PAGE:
From humble beginnings: Michigan Tech’s Mark Auk has come a long way from playing hockey in his backyard

Mark Auk (12) has nine points on two goals and seven assist so far this season. The senior defensman prides himself on his offensive skills and quiet leadership style. (David Archambeau/Daily Mining Gazette)

HOUGHTON — Mark Auk cried the first time he set his skates down on the ice for an organized hockey game. He was 4-years-old and didn’t know what to expect from playing against kids who were almost twice his age. After all, he was used to playing on friendlier terms, with his older sister Sarah on a pond behind his house in St. Clair Shores, Michigan.  

But it didn’t take long for a natural hockey player to emerge, and when the game was over, Auk cried again, this time because he didn’t want to stop playing.  

His dad remembers that as the moment he knew that Auk would always love the game.  

– – –  

When Auk was born, he was christened MarkEvan  Anthony-Gerard Auk, after his father, Mark Anthony-Gerard Auk, but with a twist.  

His mother Cheryl wanted something a little different. She added Evan so her son could have his own identity.  

The father and son share similarities in their work ethics and personalities. Both are hard-working and warm, with a goofy side.  

But as Auk grew up, standing out from his father wasn’t a problem.  

“It never worked out that people referred to Mark as my son, I was always “Mark’s dad,” his father said. “He got more of the credit, which he absolutely deserves.” 

And when it comes to hockey, there is no comparing the two.  

“I skated for probably one year of my life and he was way better than me when he was three months old,” the older Auk said with a laugh.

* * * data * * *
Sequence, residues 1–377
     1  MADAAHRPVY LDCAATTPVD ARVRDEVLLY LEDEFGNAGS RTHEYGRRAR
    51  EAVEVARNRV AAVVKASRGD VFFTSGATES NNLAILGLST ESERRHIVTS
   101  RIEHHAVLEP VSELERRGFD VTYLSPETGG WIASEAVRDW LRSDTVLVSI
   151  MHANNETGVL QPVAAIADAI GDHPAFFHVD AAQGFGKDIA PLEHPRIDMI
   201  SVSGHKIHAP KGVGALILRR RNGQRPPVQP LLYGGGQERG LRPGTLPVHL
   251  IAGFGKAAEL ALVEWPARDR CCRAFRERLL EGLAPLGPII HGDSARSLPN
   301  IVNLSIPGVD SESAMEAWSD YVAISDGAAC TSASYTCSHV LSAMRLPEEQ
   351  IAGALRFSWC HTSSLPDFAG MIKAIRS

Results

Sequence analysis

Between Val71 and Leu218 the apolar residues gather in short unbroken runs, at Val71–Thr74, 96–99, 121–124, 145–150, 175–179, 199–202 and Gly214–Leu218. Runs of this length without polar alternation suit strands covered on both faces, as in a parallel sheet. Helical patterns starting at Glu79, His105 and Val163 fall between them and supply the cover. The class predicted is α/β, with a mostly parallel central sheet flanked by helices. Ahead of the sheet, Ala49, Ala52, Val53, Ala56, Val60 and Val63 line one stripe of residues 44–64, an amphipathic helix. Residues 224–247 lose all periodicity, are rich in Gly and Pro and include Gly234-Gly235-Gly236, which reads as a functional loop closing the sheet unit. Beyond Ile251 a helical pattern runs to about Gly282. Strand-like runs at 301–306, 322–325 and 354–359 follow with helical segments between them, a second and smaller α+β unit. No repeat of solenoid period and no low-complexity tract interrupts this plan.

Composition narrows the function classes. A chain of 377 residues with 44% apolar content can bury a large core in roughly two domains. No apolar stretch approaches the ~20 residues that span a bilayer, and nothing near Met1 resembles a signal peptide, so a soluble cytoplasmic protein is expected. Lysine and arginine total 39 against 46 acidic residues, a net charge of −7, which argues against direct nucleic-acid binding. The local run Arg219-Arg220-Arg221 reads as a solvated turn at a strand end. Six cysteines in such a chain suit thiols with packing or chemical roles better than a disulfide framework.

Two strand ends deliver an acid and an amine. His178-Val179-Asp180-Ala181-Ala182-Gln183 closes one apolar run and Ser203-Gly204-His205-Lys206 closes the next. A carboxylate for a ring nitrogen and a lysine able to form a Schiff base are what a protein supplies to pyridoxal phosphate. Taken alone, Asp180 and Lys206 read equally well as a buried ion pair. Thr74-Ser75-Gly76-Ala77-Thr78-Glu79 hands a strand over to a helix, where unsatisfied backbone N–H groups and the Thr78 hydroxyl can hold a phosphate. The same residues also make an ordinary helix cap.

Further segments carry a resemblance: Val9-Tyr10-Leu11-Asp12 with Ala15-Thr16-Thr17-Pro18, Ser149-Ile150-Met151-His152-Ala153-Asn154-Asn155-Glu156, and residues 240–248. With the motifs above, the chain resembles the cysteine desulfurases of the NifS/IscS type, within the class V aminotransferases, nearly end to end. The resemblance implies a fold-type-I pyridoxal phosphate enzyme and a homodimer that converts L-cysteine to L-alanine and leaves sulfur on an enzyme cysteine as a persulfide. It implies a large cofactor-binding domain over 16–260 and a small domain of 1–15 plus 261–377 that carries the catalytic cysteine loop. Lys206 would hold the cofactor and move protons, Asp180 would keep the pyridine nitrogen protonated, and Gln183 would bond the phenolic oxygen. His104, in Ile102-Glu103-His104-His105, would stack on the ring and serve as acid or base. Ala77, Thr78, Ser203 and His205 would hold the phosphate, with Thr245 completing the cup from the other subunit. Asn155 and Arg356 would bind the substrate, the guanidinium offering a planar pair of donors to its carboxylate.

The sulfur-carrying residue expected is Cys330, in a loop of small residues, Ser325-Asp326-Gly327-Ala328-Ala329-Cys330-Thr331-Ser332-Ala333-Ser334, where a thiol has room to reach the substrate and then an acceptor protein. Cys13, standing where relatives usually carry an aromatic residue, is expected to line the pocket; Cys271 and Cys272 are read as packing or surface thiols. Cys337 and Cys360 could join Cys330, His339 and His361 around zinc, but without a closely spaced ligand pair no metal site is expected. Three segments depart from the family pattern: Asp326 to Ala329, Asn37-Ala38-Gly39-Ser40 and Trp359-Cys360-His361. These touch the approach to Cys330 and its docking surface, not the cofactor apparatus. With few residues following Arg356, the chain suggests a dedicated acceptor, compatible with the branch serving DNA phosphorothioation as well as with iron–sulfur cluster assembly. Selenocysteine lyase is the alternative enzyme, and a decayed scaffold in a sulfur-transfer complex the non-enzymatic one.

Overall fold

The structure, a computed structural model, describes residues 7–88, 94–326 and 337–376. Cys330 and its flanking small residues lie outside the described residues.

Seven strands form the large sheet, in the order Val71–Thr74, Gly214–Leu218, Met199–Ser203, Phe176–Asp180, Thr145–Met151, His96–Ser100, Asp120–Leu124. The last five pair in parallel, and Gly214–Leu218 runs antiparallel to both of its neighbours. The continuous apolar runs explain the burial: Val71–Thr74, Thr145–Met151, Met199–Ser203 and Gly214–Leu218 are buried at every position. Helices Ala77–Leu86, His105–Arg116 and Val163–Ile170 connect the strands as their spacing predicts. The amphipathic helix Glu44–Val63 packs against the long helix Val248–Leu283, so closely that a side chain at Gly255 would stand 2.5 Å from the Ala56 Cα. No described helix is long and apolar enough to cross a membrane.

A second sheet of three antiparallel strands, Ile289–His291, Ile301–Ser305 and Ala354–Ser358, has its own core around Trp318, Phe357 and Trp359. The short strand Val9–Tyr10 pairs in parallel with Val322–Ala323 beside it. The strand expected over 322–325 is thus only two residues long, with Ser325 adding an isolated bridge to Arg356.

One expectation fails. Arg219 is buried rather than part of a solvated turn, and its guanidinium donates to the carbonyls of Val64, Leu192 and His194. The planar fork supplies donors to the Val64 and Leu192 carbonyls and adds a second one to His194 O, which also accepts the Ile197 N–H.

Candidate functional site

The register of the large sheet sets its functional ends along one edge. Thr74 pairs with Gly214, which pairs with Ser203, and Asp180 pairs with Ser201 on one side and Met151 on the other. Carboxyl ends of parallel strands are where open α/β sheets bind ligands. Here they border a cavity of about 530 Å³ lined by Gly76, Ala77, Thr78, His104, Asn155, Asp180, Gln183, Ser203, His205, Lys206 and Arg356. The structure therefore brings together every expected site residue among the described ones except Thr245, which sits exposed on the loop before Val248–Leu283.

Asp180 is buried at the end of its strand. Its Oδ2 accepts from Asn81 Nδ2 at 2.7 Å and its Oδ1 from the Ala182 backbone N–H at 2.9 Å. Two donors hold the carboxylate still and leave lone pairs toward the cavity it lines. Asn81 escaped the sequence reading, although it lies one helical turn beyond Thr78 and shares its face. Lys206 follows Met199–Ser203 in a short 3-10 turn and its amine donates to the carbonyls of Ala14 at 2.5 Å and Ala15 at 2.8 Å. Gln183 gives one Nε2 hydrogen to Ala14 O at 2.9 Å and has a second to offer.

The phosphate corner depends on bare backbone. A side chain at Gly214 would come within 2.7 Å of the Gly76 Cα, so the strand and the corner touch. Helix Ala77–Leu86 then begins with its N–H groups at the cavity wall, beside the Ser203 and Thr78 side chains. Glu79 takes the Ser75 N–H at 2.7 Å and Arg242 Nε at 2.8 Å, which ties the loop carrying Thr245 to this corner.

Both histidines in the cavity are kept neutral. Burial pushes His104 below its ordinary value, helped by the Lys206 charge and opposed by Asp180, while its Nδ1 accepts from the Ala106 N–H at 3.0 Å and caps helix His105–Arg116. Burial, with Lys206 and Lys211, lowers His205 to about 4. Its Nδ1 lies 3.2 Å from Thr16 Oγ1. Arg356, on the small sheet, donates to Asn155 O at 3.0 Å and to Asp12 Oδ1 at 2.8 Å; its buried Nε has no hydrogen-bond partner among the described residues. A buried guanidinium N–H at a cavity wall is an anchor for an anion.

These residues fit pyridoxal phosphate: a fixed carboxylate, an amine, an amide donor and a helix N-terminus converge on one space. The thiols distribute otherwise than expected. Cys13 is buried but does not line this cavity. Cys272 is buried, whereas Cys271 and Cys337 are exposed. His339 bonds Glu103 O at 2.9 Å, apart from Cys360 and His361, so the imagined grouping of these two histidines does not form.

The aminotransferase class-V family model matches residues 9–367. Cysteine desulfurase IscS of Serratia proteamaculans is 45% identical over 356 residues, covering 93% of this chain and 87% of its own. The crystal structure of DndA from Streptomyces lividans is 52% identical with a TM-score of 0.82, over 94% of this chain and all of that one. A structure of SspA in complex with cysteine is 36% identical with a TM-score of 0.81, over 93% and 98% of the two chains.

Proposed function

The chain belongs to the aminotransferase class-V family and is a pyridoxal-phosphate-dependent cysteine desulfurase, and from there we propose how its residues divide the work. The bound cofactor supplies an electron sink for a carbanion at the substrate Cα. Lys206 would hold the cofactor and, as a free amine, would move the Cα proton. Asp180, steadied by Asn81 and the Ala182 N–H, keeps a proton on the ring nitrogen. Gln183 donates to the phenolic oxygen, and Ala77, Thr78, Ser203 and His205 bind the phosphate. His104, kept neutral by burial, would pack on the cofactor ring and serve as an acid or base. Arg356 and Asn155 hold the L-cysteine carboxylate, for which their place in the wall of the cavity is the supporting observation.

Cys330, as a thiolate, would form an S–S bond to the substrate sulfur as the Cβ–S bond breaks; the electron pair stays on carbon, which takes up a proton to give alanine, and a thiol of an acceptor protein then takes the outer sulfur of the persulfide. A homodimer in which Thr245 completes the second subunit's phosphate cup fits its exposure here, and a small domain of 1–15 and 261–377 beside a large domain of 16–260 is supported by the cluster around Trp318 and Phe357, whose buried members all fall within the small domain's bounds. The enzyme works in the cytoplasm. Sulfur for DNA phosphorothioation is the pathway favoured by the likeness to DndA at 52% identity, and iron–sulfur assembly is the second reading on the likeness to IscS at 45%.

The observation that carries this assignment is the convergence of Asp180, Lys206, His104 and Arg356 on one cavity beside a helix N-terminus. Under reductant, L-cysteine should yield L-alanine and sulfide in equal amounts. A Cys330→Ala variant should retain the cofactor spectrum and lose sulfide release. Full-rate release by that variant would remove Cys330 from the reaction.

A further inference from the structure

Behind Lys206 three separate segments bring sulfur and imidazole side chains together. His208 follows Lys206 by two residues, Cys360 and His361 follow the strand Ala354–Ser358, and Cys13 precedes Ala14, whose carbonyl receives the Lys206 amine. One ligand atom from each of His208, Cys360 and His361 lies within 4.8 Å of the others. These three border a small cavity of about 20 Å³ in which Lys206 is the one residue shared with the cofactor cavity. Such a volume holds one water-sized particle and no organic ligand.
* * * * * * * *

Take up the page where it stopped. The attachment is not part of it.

Creating his own identity was easy, but learning to spell MarkEvan Anthony-Gerard Auk? Really, really difficult.  

“They didn’t make it easy on me in kindergarten for spelling my full name. I mean, I still get it wrong,” he joked.  

Auk has always been quick with a witty remark. According to teammate Jake Lucchini, his sense of humor is a staple in the Michigan Tech locker room, and the senior has a funny comment for almost every situation.  

Lucchini struggles to try to describe Auk’s sense of humor; at first calling him the team clown, before correcting himself. Because as funny as Auk is off the ice and in the locker room, he is anything but a clown come game time.  

His intensity is something that has been brewing for a long time, and now the senior has found a balance between being the funny guy and being a leader on the ice. 

“Over the years, he has found a more serious way to have the same sense of humor,” head coach Joe Shawhan said. “But he still brightens up the people around him. When he is not around you, you sure notice it.” 

When he’s on the ice, Auk is a quiet leader, showing rather than telling and leading by example. He is an offensive defenseman that prides himself in being able to attack and handle the puck. The kind of player who coaches have said: could stick handle in a phone booth.”